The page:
Dear Parents, other people can take care of your kids

Before I say anything on this very controversial subject. I must say that I have no children of my own. Many people will stop reading at this point, because a person with no children apparently has no say in how to raise them. In fact that’s exactly the attitude I’m talking about.  worked at a church, aiding with toddler aged Sunday school kids, for several years. Every Sunday, I had to deal with overprotective parents. These were people who would (every Sunday) tell me how to take care of their kids. Here are some of the worst examples:

  1.  The mom who felt the need to tell me her child’s problems every week: “Cole has a peanut allergy.” she would say, “So he has have the snack I packed for him.” This would be an acceptable thing to tell me under different circumstances, like if I was babysitting her son for the first time. However, the church I worked for had a system for this sort of thing: They ha a card for every child, if the child had an allergy, there would be a sticker on their card. There was actually a sticker for most special circumstances, and I was trained to recognized which sticker was which, and also to inform new parents of the system. This mother was not new to the program, yet insisted on saying something every week. As a result, I had to show her the card and explain the system to her every week. 
  2. The parents who won’t leave soon enough: Sometimes there were kids who didn’t like when their parents left. Usually, in these situations, we would take the kids aside and try to distract them from their parents walking out the door. This worked, the kids would be playing happily, and sometimes even didn’t realize their parents had left. And, usually, the parents caught on and went off to church. This is not about those parents. This is about the ones who insisted on calling attention to the fact that they were leaving, saying things like: “Bye, Kyle, we’ll be back in a couple hours!”. This resulted in the child watching their parents leave and crying until we had to call their parents back in.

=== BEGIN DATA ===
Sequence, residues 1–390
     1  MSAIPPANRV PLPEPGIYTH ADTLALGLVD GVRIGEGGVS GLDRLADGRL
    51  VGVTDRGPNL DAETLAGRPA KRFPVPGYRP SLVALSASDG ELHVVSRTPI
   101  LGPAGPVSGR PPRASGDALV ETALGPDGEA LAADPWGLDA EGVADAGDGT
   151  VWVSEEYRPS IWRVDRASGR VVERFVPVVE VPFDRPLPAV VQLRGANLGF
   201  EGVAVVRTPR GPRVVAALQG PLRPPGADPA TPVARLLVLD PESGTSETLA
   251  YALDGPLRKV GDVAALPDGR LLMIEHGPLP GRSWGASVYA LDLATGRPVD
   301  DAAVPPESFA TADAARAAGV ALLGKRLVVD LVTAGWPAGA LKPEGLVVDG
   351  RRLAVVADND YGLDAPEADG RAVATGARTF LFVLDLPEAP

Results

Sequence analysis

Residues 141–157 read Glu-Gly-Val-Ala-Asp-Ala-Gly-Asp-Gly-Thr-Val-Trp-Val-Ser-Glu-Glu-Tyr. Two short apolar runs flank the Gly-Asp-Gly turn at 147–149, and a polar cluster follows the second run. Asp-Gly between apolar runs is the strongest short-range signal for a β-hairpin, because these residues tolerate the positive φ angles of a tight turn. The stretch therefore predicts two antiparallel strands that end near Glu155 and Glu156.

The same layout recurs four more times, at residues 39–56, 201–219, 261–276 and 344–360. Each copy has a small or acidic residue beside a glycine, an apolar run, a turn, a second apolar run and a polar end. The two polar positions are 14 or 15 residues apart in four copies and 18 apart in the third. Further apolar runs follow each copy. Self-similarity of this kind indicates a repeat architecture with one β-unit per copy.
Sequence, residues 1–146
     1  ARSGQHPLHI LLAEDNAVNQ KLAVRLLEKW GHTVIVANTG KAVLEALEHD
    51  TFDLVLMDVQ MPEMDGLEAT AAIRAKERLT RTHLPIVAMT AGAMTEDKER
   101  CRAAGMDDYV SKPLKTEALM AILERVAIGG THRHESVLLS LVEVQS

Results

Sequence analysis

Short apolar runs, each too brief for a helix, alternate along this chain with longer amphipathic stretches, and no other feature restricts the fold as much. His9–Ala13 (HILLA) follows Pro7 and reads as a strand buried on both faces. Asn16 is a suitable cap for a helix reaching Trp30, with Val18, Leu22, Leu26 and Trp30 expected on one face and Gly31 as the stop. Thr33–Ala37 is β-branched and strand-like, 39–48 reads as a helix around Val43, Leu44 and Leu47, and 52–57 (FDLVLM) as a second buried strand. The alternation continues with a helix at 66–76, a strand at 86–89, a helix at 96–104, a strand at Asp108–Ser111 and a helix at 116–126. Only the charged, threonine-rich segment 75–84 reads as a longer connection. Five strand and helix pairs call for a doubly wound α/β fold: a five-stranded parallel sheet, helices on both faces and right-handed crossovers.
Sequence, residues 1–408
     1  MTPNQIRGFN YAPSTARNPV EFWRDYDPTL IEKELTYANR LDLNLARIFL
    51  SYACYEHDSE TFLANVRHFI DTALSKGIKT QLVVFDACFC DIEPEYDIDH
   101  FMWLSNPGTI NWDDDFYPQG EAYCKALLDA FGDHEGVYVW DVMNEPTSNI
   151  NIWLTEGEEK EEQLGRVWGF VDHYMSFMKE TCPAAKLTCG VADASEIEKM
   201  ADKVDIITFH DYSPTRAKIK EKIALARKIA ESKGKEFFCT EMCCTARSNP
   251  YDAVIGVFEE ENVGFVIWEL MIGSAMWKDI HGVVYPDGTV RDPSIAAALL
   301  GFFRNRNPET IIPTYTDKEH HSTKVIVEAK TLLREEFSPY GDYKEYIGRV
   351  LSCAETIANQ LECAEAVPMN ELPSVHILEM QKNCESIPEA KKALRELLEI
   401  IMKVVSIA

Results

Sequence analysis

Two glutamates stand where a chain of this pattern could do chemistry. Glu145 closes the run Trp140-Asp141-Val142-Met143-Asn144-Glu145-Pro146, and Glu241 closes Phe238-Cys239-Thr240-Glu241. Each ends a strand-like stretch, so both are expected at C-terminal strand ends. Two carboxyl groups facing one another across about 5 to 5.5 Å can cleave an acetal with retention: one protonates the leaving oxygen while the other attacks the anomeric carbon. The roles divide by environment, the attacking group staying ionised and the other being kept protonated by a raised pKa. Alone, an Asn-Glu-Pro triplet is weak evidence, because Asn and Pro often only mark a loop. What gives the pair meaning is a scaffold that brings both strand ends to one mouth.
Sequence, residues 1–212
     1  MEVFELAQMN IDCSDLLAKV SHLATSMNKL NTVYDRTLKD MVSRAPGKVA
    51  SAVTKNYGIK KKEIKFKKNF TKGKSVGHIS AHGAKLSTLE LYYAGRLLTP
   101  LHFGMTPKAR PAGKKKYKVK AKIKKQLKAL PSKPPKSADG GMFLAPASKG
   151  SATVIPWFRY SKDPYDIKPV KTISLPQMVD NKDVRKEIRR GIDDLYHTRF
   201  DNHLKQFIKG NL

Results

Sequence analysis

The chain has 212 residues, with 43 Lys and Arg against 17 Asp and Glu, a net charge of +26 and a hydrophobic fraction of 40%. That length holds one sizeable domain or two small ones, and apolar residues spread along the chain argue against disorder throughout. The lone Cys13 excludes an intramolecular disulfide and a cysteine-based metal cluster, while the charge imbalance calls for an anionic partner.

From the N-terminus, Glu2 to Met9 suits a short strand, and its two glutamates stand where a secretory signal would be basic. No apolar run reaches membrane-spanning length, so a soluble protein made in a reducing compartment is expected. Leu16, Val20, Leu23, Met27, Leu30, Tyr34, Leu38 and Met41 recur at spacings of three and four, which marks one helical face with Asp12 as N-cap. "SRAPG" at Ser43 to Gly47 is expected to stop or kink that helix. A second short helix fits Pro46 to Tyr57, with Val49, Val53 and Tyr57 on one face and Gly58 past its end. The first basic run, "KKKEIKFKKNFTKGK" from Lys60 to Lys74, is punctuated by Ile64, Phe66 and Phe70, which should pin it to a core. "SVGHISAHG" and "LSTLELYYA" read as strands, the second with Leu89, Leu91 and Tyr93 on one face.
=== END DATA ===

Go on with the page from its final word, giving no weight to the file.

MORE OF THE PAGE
3. The parents who stayed behind: “We’ll just keep an eye on her for a few minutes”. “A few minutes” quickly turned into an hour, which turned into “I’ve missed too much of the sermon, I’ll just stay until the end.” Seriously. This was alos paired with them not letting us discipline their kids, or change their diapers, or play with them.  

As you can see, all of these parents were overprotective in their own way, but it all came down to one thing; they didn’t trust anyone else with their kids. It didn’t matter if that was the point of the whole class, or the fact that most of the teachers were parents themselves. Which brings me to my point. 

I understand that it’s stressful to see your kids left with someone else, even for a second. But daycare centers and preschools are not the devil. They help kids with socialization, and prepare them for going to an actual school. And, most of the time, anyone who works with young children has to go through an extensive screening process. For me, this included fingerprinting and a background check. Most of the teachers and aids love kids, and take extra care to ensure their safety and comfort. 

So, seriously, don’t fret about having your kids go to daycare for a few hours. You’re not abandoning them, you’re helping them. and parents deserve their own time, too. 

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